As seen in Jackson’s models and drawings, his concept of the stoop is gestural in providing public space for the humanitarian aspect of the community to congregate adjacent and within the built environment of the Cultural Center.  Jackson sees this stoop aspect as ” a very social space and very public” as well as pleasantly “informal so people can take or have a sense of ownership.”

Mindful of sustainable design, Jackson’s proposal incorporates such elements as bamboo rainscreens and interior partitions, maximal daylighting, abundant southern exposure, natural light diffusion, water collection systems, natural ventilation, and accessible alternative transportation.

Jackson's exterior elevation.

Visible in the elevation above, the rainscreen of darkened bamboo panels gently shelters the side of the building providing diffused light as well as having great cultural relevance embracing the Asian culturally-grounding aspect of the neighborhood.  The presence of the bamboo screen is also visible and tactile in the interior elevation seen below:

Jackson's interior cross-section elevation.

Jackson relies heavily on the cultural connotations of the bamboo screens using this feature for both its sustainable advantages as well as its nod to the symbolism of the region.  His concept relates a fusion of both environmental considerations and historical and cultural reflections.

Student Jodi Hanson also chose to adopt both the historical and the cultural considerations into her project to enhance her design aesthetic.  Visualizing the Cultural Center as a “vertical timeline that is anchored to its place….[and tells] the story of the neighborhood,” Hanson utilized an unfolding concept effectively layering idea remants of people, events, and culture.  Anchoring her structure with a gradual upwardly diminishing terra cotta brick screen, her proposal steps skyward with block-like progression into the cityscape silhouettte solidly achieving a shift in focus from the heaviness of the terra cotta lower floors to a floating sensibility with the addition of glass top floors. Hanson refers to this effect as “growing from the ground to the sky, the experience through diverse vertical space informs the passage through time and a shift in focus from inward to outward.”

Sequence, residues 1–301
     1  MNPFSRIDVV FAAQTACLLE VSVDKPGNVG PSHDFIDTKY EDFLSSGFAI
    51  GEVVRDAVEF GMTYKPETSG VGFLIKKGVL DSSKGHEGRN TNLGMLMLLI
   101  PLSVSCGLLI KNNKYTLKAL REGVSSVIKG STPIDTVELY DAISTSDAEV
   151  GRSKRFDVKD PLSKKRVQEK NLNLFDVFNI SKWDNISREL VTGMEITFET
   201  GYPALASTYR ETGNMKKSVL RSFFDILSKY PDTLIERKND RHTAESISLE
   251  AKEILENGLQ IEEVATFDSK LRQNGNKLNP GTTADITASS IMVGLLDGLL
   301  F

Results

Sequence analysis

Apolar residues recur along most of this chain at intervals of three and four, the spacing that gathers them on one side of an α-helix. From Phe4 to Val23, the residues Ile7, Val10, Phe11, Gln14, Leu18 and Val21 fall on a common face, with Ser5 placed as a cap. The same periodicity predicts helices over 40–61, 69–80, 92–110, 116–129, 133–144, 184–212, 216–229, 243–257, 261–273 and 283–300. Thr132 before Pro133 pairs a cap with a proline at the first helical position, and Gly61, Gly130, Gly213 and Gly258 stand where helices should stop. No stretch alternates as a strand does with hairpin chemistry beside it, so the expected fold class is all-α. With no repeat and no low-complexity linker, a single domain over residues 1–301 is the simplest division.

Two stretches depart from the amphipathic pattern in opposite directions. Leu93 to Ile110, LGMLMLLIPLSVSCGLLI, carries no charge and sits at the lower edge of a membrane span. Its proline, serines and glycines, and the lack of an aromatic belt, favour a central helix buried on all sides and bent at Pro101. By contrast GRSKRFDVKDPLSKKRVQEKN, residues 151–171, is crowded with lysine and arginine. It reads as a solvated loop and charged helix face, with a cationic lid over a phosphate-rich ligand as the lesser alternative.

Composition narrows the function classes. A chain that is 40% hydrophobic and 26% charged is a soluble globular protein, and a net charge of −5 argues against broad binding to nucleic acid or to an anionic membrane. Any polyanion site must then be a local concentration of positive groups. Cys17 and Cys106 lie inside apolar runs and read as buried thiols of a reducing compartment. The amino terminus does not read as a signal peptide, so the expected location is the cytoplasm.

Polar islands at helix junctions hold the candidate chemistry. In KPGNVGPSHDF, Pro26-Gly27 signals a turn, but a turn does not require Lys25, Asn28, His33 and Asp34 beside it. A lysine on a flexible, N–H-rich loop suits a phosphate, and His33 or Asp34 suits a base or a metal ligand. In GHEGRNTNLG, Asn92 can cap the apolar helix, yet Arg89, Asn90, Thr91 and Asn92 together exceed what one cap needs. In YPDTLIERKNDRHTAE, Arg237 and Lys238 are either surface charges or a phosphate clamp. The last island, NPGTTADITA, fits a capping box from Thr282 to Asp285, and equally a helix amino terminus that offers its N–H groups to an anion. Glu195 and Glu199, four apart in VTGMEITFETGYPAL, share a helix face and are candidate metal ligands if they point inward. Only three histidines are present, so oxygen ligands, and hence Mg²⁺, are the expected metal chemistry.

Jodi Hanson's Vertical Timeline-inspired structure in situ.

Hanson sees her “disparate layers [as being] imperfect and, at times, unstable, creating drama with which the current community interacts.”  Prior to creating her model and plan, Hanson engaged in an extensive study of the areas history. From this historical perspective, she developed a timeline of events definitive to the region and this helped shape her vision for the Cultural Center:  it had to have “a lot of cultural history,” she said, “and this history had to evolve into other things…into this vertical timeline.”  Hanson saw the history of the neighborhood as “being so much a part of the area” as to be a major influence in forming her urban plan;  she also perceived of the “Chinese Lion gate” as one of the definitive features of this geography.

Hanson's anchoring to surrounding rooflines and materials.

Using the rooflines from the surrounding existing buildings to define the planes of her structure’s first and third floors, Hanson related the new Center to the neighborhood context and the built history of the streets.  The terra cotta cladding she employed as her primary exterior material relates to the predominant use of warm reddish brick tones on the surrounding historical buildings drawing a connection both historically and physically to what already exists and what existed historically.

Hanson's models for Old Town | Chinatown Cultural Center.